Sometimes you just have to know when it’s time to give up the past and move into the future. I’m talking about technology here. Watching the revelations in 2016 and 2017 about Hilary’s email server and Mike Pence’s AOL account that he used as Governor of Indiana until it was hacked it bringing up a series of conversations I’ve been having with clients of late. Basically put – it’s “get with the program” when it comes to technology.
So many things in our lives trend in a direction that makes them more expensive and more inaccessible – food prices, real estate, rental rates… Prices go up, selection goes down, getting what you want gets more difficult. One area that trends in the opposite way, and has for decades, is technology – in particular, computer technology. Your iphone has more processing power and storage than your desktop had 5 years ago, and costs a fraction as much. A 1 terabyte hard drive – capable of storing a ridiculous amount of data, can be had for $89 now – in 2004 that would have cost you closer to $12,000.
I consult to many organizations on their overall online strategy – and this often includes areas like Digital Asset Management (DAM) and Customer Relationship Management systems (CRM) as well email handling, web hosting, site security, PCI compliance and more. Just yesterday I had a conversation with a client who is frustrated because the antique exchange server they use to handle 30+ email accounts in her office has so little storage space that she has to delete thousands of emails to make space – as do her colleagues. Losing those emails is frustrating, counter-productive and potentially bad for business as she is losing the history of her conversations and contacts in the process. Downloading and archiving the emails can’t be done because some long-ago and now absent IT person disabled that capability and no one in her office has the skills to reverse engineer it.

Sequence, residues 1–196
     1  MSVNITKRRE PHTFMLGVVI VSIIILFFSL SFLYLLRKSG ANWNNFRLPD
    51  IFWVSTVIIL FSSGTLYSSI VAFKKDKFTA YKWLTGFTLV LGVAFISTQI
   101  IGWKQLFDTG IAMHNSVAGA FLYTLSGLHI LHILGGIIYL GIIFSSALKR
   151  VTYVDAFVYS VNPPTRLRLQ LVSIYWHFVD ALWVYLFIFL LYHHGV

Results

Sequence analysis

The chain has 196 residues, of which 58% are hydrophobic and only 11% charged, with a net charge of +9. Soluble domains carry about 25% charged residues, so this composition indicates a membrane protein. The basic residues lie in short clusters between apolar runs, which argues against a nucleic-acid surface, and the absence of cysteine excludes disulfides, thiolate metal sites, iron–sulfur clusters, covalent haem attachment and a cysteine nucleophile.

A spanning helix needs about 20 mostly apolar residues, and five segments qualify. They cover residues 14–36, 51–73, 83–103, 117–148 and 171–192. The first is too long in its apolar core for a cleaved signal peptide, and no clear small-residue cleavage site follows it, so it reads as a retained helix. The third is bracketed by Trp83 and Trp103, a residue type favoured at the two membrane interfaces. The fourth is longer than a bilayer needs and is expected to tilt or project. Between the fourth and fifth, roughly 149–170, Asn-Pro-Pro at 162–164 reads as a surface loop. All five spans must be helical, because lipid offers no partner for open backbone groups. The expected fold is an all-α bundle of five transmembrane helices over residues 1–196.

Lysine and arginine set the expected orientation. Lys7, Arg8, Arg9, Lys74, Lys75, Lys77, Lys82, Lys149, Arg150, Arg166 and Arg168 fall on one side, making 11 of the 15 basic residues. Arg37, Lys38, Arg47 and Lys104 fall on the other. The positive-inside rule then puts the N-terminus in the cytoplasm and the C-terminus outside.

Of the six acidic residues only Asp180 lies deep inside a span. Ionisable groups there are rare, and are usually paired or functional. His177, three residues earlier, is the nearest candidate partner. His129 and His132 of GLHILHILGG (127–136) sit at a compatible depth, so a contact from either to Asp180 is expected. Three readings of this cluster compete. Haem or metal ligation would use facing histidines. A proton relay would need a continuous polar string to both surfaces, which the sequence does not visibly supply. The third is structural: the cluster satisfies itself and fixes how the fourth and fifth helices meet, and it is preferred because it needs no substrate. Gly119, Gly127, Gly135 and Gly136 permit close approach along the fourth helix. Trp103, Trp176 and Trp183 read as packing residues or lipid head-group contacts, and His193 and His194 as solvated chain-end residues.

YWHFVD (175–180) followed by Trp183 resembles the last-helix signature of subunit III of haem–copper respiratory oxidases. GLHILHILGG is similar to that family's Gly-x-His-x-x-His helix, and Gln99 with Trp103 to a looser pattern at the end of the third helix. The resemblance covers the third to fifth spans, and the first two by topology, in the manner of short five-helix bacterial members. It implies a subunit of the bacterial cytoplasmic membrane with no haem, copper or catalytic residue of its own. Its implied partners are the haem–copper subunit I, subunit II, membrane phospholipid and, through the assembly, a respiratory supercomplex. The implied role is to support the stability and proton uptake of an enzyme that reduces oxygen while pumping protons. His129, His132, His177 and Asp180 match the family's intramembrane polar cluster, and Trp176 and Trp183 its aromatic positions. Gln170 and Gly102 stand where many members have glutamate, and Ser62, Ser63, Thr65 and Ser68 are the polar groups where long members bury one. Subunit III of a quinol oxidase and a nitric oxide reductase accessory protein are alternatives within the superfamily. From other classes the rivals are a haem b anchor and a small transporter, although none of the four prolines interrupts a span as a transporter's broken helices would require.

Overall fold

I suggested that we move her organization to Google’s G-Suite for business – this uses Google’s massive technology backbone to host all of your organizations emails, documents, cloud services of all kinds – for $5/month per email address…. $5… The total bill to the organization would be about $1800/year and for that you get ALL of Google’s great tools for collaborating and sharing, tons of storage, access from any device, great security, spam protection, etc….
Her boss – the executive director of the organization – said “No”.
I get it – change is hard – and certainly if you are some massive organization with thousands and thousands of employees and complicated requirements a solution like Google G-Suite wouldn’t be appropriate. You would need to engage in a long-term, deep-dive into planning, specifying, getting bids from vendors, etc. If you are a small cultural organization with 30 employees running antique hardware with no IT support, the answer to the “should we use Google” should be “Yes”. Continuing to run and invest in outdated systems is like driving a horse & buggy – quaint and obsolete.
The technology you get to use today is cheaper, better, faster, more secure and more capable than what you used last year – or ten years ago. By a factor of 1,000% – it’s just waaaaaay better.
Dive in – the water is fine here in 2017. These tools work well. If you believe that your particular set of requirements isn’t met by what the market has to offer, it might be good to consider if you are falling for what I call the “one exception” – that single reason or function that you need which precludes moving forward. It might be time to modify the requirements and move on instead of sticking to your legacy systems.
Still using AOL to handle your email? Please – get over it. Sign up for a gmail account and let it go. Please.